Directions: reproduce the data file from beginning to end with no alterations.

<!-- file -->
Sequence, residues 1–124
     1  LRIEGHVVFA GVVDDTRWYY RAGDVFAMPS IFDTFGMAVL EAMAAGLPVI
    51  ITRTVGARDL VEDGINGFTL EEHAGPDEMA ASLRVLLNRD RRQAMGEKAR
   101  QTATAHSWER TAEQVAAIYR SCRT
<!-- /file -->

Sequence, residues 1–124
     1  LRIEGHVVFA GVVDDTRWYY RAGDVFAMPS IFDTFGMAVL EAMAAGLPVI
    51  ITRTVGARDL VEDGINGFTL EEHAGPDEMA ASLRVLLNRD RRQAMGEKAR
   101  QTATAHSWER TAEQVAAIYR SCRT